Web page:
How a Canadian-made paper strip could revolutionize E. coli testing
Graham Slaughter, CTVNews.ca
Published Thursday, September 7, 2017 4:35PM EDT
Testing water for E. coli may soon be faster and cheaper than ever thanks to a Canadian-made test that inventors say could prevent billions of people from getting sick with the potentially deadly bacteria.
At the moment, a single E. coli test costs about $70 and can take three days to confirm results. Researchers at the University of Waterloo developed a simple test using paper strips laced with sugar that react with E. coli to reveal the presence of the bacteria.
The so-called DipTests cost 50 cents each and can confirm results as quickly as 30 minutes.
Sushanta Mitra, the executive director of the Waterloo Institute for Nanotechnology, called the invention a “breakthrough” that could improve water safety in rural areas and developing countries worldwide.
“Simple ideas create paradigm shifts in technology and this is a simple, frugal innovation,” said Mitra, who is also a mechanical and mechatronics engineering professor at Waterloo.
Details of the test were published Wednesday in the scientific journal PLOS ONE.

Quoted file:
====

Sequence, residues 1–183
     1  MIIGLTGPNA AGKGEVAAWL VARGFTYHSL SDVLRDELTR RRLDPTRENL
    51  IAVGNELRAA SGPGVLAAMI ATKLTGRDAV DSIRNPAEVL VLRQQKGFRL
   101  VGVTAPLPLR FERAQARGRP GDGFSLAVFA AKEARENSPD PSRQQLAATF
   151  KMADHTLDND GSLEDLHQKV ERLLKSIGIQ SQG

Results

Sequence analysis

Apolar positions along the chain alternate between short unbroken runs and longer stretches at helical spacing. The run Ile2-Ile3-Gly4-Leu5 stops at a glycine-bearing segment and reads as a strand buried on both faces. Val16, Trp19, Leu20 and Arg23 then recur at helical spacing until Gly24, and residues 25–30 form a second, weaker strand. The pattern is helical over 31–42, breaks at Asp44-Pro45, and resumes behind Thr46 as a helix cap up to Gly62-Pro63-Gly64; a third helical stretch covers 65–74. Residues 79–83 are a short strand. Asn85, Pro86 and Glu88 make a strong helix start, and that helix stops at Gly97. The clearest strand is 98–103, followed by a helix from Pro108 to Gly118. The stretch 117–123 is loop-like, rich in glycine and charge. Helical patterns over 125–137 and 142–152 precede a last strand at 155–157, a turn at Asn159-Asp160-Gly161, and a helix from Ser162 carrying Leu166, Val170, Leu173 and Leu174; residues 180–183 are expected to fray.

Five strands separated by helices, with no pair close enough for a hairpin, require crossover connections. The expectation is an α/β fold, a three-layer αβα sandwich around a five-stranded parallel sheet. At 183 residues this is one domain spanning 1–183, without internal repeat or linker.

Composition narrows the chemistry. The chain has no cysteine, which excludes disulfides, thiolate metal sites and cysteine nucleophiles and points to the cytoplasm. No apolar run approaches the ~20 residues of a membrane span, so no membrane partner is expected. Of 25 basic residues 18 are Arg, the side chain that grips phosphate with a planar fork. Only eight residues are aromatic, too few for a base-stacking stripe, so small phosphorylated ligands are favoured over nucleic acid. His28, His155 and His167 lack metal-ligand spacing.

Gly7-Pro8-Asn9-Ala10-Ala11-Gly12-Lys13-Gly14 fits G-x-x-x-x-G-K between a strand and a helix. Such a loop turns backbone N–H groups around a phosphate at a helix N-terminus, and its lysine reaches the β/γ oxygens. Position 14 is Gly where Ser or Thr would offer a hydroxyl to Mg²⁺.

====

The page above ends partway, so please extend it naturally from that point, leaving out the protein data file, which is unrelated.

How it works
Similar to a litmus test, the DipTest can be dabbed in water suspected of containing E. coli. The sugar infused into the paper seeps into the water and attracts the bacteria, which then becomes caught in the paper.
If a water sample tests positive, the bacteria then reacts with a mixture of chemicals inside the paper and turns the paper a pinkish-red hue.
How quickly the results come back depends on a sample’s contamination level. In severe cases, results can be confirmed within 30 minutes, but it can take up to three hours in cases of low levels of contamination.
Researchers said they are developing ways to further reduce wait times.
Continued work on the DipTest is being conducted by Glacierclean Technologies Inc., a start-up company co-founded by Mitra. The company aims to have the tests on the market in 2018.
E. coli is a bacteria commonly found in the lower-intestines of warm-blooded mammals, including humans. Most strains are harmless, but some can cause severe illness. It can be spread through contaminated water, food and person-to-person contact.